musings, thoughts, and writings of Barbara W. Klaser


June 7, 2017

Shadows Fall is available again

My romantic mystery novel, Shadows Fall, is available again as a Kindle-only ebook and is on sale today as a countdown deal, or available anytime on loan through Kindle Unlimited.

Shadows Fall at Amazon

Shadows Fall Cover

— Barbara @ rudimentary 9:32 am PST, 06/07/17

May 30, 2008

Gardening habit or gardening revolution?

Mystery author Eric Mayer* mentioned in a recent blog post that his blog journaling hasn’t been very habitual of late. He went on to write about habits, and that got me to thinking about my habits, and how they’ve changed in the past year or so. Obviously, for me, blogging has taken a back seat to other things. So has my fiction writing, other than attempting to sell my latest finished manuscript, a mystery about a tarot reader whose awakening ability as a medium gets her involved in a murder investigation. (Interested agents or publishers are welcome to inquire here.)

Habits can be good or bad, and I’m sure everyone has some bad ones they’d like to unload. But one new habit I’m happy to have taken on this year is gardening.

Sedum

Gardening is indeed a habit, one that gets into your blood in a way I didn’t anticipate when I started out this year. I’d done a tiny bit of gardening as a kid, when I remember planting one rose bush of my own but mostly helping my grandmother with her strawberries and vegetables on the embankment behind my parents’ house. Later, in my first apartment, I nurtured a few houseplants, and throughout my work life I’ve usually kept a potted plant on my desk. I kept African Violets in a north facing window in the last house we rented, until a cat took over that window sill. Still, my husband did most of the outdoor gardening, with a little weeding here and there on my part, until March of this year.

It started this spring with tending a few vegetable and flower seeds until they sprouted, and then the seedlings until they went into the ground. From there I progressed to caring for plants in the ground and preparing the soil for more of them. It’s rapidly expanding to a succession of all of these things, in the hopes of keeping some fresh produce in our salad and veggie bowls through this summer, as well as brightening a corner of the front yard, where my ultimate goal is to keep flowers blooming in a little cottage style bed year round. I’m a ways from that goal yet.

I’m still new at this, and I got a late start this year, but I get help and advice from various sources, and gardening is now a firm habit that I won’t easily give up. It’s one of the first things I think about in the morning and one of the last I think about before the sun goes down.

The plants seem happy about my gardening habit, when they can figure out what season it is. Our weather this spring switched back and forth for a couple of months from one extreme to the other, first dry Santa Anas with temperatures in the 90s, and then thick cloud cover and a shifting Jet Stream chilled the air to the 50s. This went back and forth for weeks, with little pleasant weather in between, and it kept our plants confused. In the past two weeks the weather has leveled off, and the plants are loving it.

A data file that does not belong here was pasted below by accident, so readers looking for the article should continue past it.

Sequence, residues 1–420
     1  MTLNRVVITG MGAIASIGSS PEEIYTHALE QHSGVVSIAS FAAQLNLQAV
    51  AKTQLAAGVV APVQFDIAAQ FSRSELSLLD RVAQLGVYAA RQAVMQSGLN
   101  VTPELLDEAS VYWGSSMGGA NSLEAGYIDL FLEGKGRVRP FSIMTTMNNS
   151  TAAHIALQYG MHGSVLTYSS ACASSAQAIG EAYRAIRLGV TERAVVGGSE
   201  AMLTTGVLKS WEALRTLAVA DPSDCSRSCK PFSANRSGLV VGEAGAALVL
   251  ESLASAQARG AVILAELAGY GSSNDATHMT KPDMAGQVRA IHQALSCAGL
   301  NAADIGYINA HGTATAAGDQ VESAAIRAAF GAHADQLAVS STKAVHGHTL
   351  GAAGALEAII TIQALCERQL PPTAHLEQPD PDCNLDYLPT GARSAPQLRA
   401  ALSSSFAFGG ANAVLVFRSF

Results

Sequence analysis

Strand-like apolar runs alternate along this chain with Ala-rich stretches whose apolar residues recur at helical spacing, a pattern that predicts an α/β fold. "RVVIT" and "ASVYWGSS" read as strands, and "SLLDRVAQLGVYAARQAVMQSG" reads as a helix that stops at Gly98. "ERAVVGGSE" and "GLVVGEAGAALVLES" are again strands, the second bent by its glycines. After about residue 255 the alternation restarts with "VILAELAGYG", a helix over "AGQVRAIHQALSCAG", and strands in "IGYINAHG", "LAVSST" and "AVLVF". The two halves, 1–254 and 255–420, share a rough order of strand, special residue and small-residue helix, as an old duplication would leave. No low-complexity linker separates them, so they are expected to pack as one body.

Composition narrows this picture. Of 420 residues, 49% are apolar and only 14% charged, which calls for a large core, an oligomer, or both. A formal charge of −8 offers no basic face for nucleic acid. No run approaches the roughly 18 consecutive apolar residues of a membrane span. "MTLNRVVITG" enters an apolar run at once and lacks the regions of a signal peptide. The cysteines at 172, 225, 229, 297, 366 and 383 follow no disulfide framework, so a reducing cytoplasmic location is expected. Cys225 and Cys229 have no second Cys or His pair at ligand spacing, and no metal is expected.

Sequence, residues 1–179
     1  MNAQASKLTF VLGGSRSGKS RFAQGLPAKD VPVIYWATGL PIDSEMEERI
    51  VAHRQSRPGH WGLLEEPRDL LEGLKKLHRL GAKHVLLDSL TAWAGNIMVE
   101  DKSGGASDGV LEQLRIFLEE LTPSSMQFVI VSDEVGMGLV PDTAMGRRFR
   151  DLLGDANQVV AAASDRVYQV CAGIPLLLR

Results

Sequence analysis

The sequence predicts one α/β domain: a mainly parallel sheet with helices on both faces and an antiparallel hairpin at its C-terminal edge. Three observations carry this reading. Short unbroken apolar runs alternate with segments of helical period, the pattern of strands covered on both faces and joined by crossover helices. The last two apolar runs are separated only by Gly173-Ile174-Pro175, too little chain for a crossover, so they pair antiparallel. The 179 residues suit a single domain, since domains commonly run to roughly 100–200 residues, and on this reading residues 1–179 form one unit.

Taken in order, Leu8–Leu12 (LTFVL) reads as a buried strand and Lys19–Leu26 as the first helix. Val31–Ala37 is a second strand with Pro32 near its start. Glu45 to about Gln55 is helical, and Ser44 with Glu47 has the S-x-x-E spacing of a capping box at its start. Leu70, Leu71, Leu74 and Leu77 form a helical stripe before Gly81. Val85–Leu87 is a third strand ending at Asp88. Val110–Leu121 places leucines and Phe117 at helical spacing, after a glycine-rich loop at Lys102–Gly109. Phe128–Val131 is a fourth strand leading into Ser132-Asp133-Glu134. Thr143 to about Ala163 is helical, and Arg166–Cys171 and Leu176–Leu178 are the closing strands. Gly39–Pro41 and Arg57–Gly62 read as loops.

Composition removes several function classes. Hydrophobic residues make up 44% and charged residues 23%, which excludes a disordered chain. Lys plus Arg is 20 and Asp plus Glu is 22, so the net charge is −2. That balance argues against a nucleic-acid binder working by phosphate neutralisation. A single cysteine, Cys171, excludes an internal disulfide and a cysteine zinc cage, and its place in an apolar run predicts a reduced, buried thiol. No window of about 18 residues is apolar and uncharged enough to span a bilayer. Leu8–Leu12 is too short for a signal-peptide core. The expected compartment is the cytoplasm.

They say beauty is in the eyes of the beholder, and I’ve recently realized there’s little more beautiful to me than a tiny plant bursting out of its seed container. Call me crazy, but I think baby plants can be almost as cute as a kitten, and they, like the kitten, draw out my mothering tendencies.

CuteAsKitten

(I’ll bet you expected a photo of a seedling, but I couldn’t help the obligatory kitten shot.)

To some this pleasure might seem like taking joy in watching paint dry, but to me it’s more like watching a sunset at the end of a heat wave.

Sunset

We celebrated our first avocado blooms a few months ago.

Avocado

Now some fruit has set, which we hope will grow to maturity.

Avocado02

Avocados, according to my resident expert Ken who’s read something like 200 online agricultural reports about them, tend to drop a good portion of their fruit early, which can be disappointing to home gardeners. It will be disappointing to me, if it happens, because Reeds are my absolute favorite avocado variety.

Two days ago I celebrated my first squash blossom.

SquashBlossom01

Zucchini may seem an ordinary thing to seasoned gardeners. It’s one of the easiest things to grow and the butt of gardening jokes, usually in reference to an overabundance of it. But I like zucchini, I love my resplendent squash plants with their huge green leaves, and those yellow-orange blossoms are gold to me.

SquashBlossom02

I’m learning more about the various weeds that grow in the garden, some of which are edible. For instance, purslane and dandelion make delicious salad greens. Note, if you decide to try eating weeds from your garden, be careful that you know what you’re eating. Ensure that the plants haven’t been subjected to herbicides or pesticides and that they aren’t in fact toxic weeds.

Sourgrass

Even some semi-edible weeds, like the sour grass we all discovered as kids, can be a problem if eaten in quantity, I’m told, and purslane looks very similar to a toxic type of spurge that often grows right alongside it. Have an expert show you how to identify edible weeds, and examine carefully whatever you pick to eat. This point was driven home to me when I found spurge, with its milky sap, growing in my own little purslane patch.

Yesterday Ken pointed me to a Los Angeles Times article about Guerrilla Gardeners, which linked to a slide show on how to make “seed bombs” as well as two blogs, here and here, about guerrilla gardening.

Gardening has not only revolutionized my daily routine. It’s apparently a revolution that’s spreading once again, as Victory Gardens did in the last century, with people today gardening to save money on local food and working on a clandestine volunteer basis to re-green the land.

_ _ _